Kavanaugh, 53, "categorically and unequivocally" denied the allegations.
The episode has sent tensions between and inside both parties back to the boiling point over a nomination that could reshape the court for decades.
This has all the indicators of an 11th hour character assassination and a desperate attempt to delay and defeat the nomination of Judge Kavanaugh, who has a sterling reputation in his community, his profession, his church and among hundreds of friends, colleagues and co-workers. Kamala Harris and New Jersey Sen. Senate Republicans insist Kavanaugh's confirmation remains on track.
On Friday, Feinstein's office defended the senator's decision to send the letter to the Federal Bureau of Investigation in the face of criticism that she did not come forward with the allegations sooner.
As to whether Republicans knew about the allegation in advance and had the letter from the 65 Kavanaugh high school contemporaries "in the can", Grassley's office said no.
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Ronan Farrow, who co-authored The New Yorker article, told CNN that some members of the Senate Judiciary Committee "feel that there was a missed opportunity to fully interrogate this allegation". Dianne Feinstein received a letter, which detailed the incident.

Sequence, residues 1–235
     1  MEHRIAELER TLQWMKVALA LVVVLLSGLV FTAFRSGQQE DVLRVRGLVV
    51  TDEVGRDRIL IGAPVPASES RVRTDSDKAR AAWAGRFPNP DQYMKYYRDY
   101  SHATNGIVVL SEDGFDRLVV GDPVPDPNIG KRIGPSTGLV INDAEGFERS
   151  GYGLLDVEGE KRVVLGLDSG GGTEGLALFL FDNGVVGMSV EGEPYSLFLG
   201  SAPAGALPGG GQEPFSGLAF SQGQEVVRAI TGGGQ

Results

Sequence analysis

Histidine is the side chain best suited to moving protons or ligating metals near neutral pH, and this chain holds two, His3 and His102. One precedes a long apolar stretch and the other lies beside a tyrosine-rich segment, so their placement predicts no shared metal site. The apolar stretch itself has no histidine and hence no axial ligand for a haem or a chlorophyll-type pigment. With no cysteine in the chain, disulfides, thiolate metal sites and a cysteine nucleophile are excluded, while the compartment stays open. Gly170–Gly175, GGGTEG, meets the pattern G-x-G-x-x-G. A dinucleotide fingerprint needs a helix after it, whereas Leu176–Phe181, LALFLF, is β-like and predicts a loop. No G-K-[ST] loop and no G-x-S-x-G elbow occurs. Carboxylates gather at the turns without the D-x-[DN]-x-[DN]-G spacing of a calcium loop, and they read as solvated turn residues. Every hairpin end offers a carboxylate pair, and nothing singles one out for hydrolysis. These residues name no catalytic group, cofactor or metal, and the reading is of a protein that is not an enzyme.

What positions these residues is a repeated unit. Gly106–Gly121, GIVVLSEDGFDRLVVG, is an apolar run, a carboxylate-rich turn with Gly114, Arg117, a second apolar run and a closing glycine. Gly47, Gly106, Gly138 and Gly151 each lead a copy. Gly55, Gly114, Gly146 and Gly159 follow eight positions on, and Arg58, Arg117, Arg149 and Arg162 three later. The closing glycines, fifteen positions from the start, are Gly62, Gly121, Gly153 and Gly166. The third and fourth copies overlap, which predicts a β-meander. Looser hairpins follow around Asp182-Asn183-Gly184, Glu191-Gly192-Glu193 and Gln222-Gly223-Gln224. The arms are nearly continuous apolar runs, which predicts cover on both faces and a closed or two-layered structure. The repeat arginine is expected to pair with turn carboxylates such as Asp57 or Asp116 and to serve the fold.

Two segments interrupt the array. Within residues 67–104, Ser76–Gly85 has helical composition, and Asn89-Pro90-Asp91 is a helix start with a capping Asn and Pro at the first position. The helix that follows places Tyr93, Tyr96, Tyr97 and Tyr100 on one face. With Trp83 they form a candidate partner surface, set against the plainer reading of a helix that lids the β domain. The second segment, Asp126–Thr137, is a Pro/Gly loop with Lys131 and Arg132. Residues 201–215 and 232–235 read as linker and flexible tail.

"I have received information from an individual concerning the nomination of Brett Kavanaugh to the Supreme Court".
Under pressure from other Democratic senators, who had been fighting a pitched battle against Judge Kavanaugh for weeks - largely over access to documents from his years in the George W. Bush White House - Ms. Feinstein called a meeting late Wednesday to share with the lawmakers the letter's contents but not the letter itself. She recalled both her own and Justice Antonin Scalia's "truly bipartisan" hearings.
Shortly after Feinstein's statement was released, White House spokesperson Kerri Kupec criticized the timing.
Hill said Friday, "The reluctance of someone to come forward demonstrates that even in the #MeToo era, it remains incredibly hard to report harassment, abuse or assault by people in power". "I have seen firsthand what happens when such a process is weaponized against an accuser, and no one should have to endure that again". The allegation was not raised at any time during the judge's confirmation hearings.
However, Hill wants senators to put a process into place that will allow the accusation to be treated seriously.
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